Oct 18, 2021
What do you mean when you ask "Who is our customer?" What do you learn?
I've struggled to find a way to ask this question so it produces more than an occupation or set of descriptors. I've often griped, "If you ask it starting with "who," people might answer with a persona, and that's not what we want!"
The ambiguity in asking "who" makes room for answers that tell us where we are, where we ought to go next, and what kinds of growth opportunities we can pursue. *How* we answer tells us which of three decision-making states we're in and that is as valuable as the answer itself.
Ask this question at your org, and use the answers to see which of these 3 states you're in:
1. Customer Chaos: Team members are all over the place with limited to no agreement or understanding of who they serve
How it sounds: "Designers" or "Marketers" or "To run workshops" or "....idk"
What it means: The team is not solving any problem well for a well-defined group of people. It will be hard to do much of anything well without extraordinary luck or funding.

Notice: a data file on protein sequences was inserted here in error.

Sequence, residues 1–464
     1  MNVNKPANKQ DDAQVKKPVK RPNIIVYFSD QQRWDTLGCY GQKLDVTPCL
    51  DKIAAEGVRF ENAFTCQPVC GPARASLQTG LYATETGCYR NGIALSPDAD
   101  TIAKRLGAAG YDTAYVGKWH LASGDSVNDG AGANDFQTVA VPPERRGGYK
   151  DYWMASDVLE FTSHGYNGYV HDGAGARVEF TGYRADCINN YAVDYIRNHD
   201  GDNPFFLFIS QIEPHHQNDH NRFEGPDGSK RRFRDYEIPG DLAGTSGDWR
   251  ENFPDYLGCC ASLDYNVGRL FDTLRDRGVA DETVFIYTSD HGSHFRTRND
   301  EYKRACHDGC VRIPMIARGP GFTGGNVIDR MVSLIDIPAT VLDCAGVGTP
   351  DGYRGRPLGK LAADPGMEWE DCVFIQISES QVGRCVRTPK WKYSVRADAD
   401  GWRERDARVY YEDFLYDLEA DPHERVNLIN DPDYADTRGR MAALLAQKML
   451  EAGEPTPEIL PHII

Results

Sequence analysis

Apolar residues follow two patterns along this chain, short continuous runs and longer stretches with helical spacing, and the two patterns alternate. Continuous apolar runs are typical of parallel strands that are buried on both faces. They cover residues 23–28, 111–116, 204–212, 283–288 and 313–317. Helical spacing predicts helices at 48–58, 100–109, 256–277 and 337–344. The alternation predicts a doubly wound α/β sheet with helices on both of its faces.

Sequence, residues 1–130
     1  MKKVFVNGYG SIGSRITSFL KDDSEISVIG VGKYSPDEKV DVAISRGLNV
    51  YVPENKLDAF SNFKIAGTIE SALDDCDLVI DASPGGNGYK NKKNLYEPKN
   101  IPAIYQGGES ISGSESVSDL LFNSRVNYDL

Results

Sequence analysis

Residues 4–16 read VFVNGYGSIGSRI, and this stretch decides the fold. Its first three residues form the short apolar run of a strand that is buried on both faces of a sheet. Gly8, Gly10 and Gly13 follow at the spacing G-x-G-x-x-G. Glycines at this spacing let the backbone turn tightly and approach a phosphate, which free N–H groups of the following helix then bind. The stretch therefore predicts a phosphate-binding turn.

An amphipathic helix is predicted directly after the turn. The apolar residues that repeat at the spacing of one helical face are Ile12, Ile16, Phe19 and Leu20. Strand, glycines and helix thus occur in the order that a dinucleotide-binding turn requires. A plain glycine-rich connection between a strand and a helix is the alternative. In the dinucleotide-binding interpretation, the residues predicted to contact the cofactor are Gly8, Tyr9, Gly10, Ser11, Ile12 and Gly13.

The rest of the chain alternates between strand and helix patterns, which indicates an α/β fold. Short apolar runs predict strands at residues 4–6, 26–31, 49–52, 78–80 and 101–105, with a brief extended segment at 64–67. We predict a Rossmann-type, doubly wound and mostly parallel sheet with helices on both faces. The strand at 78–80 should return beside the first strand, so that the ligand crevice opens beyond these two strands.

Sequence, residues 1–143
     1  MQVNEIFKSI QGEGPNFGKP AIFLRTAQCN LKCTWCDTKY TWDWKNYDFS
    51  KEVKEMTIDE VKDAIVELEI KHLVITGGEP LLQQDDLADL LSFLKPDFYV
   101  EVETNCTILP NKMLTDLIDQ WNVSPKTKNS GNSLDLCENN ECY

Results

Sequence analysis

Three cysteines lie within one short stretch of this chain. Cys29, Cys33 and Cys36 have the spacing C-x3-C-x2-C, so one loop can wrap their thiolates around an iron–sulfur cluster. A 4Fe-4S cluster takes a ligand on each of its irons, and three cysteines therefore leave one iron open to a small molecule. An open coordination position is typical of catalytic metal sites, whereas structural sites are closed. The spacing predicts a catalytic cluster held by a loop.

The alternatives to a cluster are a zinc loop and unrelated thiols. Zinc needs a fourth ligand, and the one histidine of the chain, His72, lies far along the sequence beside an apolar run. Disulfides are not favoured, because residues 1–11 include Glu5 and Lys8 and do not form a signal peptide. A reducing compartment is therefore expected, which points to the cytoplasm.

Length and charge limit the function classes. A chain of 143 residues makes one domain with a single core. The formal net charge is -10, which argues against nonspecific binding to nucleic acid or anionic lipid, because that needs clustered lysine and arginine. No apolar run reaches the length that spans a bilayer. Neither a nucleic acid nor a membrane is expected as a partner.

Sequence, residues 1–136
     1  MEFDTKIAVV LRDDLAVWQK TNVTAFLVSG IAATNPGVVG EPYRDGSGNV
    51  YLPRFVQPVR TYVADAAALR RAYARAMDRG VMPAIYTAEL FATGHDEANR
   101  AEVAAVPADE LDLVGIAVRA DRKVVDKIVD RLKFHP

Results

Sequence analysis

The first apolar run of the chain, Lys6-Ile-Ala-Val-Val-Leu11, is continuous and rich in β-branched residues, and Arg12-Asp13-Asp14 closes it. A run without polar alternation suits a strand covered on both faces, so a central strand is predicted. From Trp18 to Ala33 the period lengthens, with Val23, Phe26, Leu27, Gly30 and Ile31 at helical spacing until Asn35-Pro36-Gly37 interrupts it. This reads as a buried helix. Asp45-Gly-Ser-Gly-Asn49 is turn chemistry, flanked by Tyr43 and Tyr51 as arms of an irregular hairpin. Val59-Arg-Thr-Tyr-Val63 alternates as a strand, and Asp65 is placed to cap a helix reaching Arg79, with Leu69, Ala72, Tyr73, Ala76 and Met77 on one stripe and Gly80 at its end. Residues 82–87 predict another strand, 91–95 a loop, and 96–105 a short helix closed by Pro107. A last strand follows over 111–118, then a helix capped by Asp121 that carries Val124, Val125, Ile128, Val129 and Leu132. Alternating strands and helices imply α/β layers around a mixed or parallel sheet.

2. Customer Folklore: Similar answers in the form of personas or user groups with scattered details on use cases
How it sounds: "Creatives" or "Designers at agencies"
What it means: Teammates are responding to "who" using an occupation or set of attributes. Even if everyone agrees, they're sharing the characters but not the plot. They don't know the full story, they haven't agreed on what it is, and you will struggle to make strategic decisions to support how people find, start, and stay with you.
3. Customer Consensus: Job story shorthand
How it sounds: "Job 2" where everyone knows that means something like, "Knowledge workers who planned an in-person meeting that is now remote who need a way to run it well so they don't lose progress or clients."
What it means: Team members will use an established and agreed-upon shorthand to refer to a customer including their persona, struggle, and definition of success. Shared understanding rich in context gets your org aligned so you can make smarter strategic decisions on marketing, product, ecosystem strategy, and more - and move faster.
How to move from one decision-making state to the next
Start by surfacing misalignment by bringing everyone together to share their understanding of who your customer is so everyone can see it for themselves.
When everyone agrees the misalignment exists (and that it's sabotaging growth), run a JTBD study to come to customer consensus. Plan on thrashing about and taking time to adapt to this change for some time before finally getting there.